Shows & Panels
- Accelerate and Streamline for Better Customer Service
- Ask the CIO
- The Big Data Dilemma
- Carrying On with Continuity of Operations
- Client Virtualization Solutions
- Data Protection in a Virtual World
- Expert Voices
- Federal Executive Forum
- Federal IT Challenge
- Federal Tech Talk
- Feds in the Cloud
- Health IT: A Policy Change Agent
- Improving Healthcare Outcomes through IT Policy
- IT Innovation in the New Era of Government
- Making Dollars And Sense Out of Data Center Consolidation
- Navigating the Private Cloud
- One Step to the Cloud, Two Steps Toward Innovation
- Path to FDCCI Compliance
- Take Command of Your Mobility Initiative
Shows & Panels
Bill to cut Senate confirmations gets final action
Tuesday - 7/31/2012, 10:06pm EDT
WASHINGTON (AP) - The House gave final congressional approval Tuesday to a bill that would save the slow-paced Senate some time by eliminating the need for confirming nominees to some 170 executive branch jobs and 3,000 military officer positions.
The vote for this rare instance of streamlining Senate procedures was 261-116. The bill goes to the White House for President Barack Obama's signature.
The bill also establishes a five-year term for the nation's census director, to ensure that the position is separated from politics and the election-year calendar. In 2010, there was no director in place for that year's census until months before the count started. In 1990, it was one week before the count. The position still would require Senate confirmation.
At the start of the Obama administration, there were 1,215 executive branch positions that required Senate confirmation. President John F. Kennedy, elected in 1960, had only 286 positions to fill but the number had jumped to 914 by the end of the Clinton administration in January 2001.
Among positions that will no longer need Senate approval are a chief scientist in the Commerce Department, directors of the Corporation for National and Community Service, the top press spokesmen for the Defense, Treasury and State departments, members of the Council of Economic Advisers, the commissioner of education statistics, the Homeland Security Department's chief medical officer, director of the Labor Department's Women's Bureau and members of the Mississippi River Commission.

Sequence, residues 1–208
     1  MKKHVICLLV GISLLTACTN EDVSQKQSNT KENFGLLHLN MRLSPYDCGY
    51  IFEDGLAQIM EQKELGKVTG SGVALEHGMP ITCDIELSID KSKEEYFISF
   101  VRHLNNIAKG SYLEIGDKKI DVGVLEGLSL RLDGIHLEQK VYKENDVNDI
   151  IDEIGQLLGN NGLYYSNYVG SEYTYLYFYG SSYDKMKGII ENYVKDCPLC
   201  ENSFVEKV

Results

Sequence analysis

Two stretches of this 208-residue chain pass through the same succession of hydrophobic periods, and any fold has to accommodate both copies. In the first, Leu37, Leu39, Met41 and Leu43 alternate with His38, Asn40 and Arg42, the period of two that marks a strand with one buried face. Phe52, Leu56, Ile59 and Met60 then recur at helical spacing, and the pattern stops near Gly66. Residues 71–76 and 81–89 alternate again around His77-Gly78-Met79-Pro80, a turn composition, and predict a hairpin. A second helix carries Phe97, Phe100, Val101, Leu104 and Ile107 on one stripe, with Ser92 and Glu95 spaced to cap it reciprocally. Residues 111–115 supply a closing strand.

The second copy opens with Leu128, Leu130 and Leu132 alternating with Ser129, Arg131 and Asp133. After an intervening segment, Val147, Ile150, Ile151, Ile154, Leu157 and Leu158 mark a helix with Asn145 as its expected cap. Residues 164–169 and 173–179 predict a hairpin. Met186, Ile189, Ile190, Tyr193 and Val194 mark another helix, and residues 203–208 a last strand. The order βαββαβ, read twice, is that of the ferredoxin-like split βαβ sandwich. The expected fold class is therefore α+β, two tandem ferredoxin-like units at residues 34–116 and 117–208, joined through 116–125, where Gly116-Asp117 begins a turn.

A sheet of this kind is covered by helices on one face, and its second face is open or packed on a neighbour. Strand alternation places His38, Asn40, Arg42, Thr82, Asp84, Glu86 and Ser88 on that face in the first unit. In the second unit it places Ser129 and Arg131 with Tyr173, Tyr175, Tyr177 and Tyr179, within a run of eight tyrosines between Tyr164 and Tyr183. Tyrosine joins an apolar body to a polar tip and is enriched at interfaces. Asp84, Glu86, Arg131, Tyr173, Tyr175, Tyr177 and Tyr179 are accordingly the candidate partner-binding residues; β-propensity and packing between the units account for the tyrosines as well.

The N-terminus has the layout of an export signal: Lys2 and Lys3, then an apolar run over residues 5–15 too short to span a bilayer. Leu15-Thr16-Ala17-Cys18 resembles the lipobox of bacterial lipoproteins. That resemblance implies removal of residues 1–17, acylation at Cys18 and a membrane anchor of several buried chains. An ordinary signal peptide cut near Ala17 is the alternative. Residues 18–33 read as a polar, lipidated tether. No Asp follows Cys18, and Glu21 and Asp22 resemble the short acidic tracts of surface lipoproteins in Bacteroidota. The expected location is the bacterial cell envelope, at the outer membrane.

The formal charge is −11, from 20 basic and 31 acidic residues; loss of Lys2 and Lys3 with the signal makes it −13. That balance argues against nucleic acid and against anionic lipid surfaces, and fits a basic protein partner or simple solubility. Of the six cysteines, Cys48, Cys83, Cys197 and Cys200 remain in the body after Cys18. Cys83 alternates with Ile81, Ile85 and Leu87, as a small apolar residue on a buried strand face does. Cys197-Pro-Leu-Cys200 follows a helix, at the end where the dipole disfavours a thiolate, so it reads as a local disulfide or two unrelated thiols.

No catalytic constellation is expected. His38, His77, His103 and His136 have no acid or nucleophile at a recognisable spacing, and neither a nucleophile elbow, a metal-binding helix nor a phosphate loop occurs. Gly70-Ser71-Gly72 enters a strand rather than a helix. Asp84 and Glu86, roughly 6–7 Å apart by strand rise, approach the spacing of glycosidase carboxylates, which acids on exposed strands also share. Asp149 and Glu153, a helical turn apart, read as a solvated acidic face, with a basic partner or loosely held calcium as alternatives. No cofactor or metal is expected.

Rep. Carolyn Maloney, D-N.Y., said the bill would streamline "the bureaucracy and red tape that comes with requiring the Senate to confirm presidential appointments." She said the change would only have an impact on lower level positions that a president routinely fills.
Rep. Jason Chaffetz, R-Utah, said, "The current nominations process has grown too cumbersome and too complicated, discouraging individuals from seeking appointments." He said only 35 of the 100 most needed leadership roles were filled in the first 100 days of the Obama administration, and 200 days into the administration, only 50 percent of key national security officials were in place.
He called the bill "a common-sense solution that preserves the role but unburdens the process" in the Senate.
Rep. Louie Gohmert, R-Texas, said he opposed the bill because Obama bypassed the Senate last January, making recess appointments when Republicans insisted the chamber had not adjourned.
Gohmert said Obama demonstrated "the most disdain for Congress and the confirmation process of any president I'm aware of."
The Texas Republican referred to recess appointments of Richard Cordray to lead the new Consumer Financial Protection Bureau and three members of the National Labor Relations Board. The Senate was holding so-called pro-forma sessions at the time, when little or no business was conducted.
The bill had bipartisan support in the Senate, and its four main supporters praised the House action: Charles Schumer, D-N.Y.; Joe Lieberman, I-Conn.; Susan Collins, R-Maine and Lamar Alexander, R-Tenn.
They said the bill, which passed the Senate last summer, would help clear the backlog of stalled presidential nominations.
Follow Larry Margasak on Twitter at http://twitter.com/LarryMargasak
(Copyright 2012 The Associated Press. All rights reserved. This material may not be published, broadcast, rewritten or redistributed.)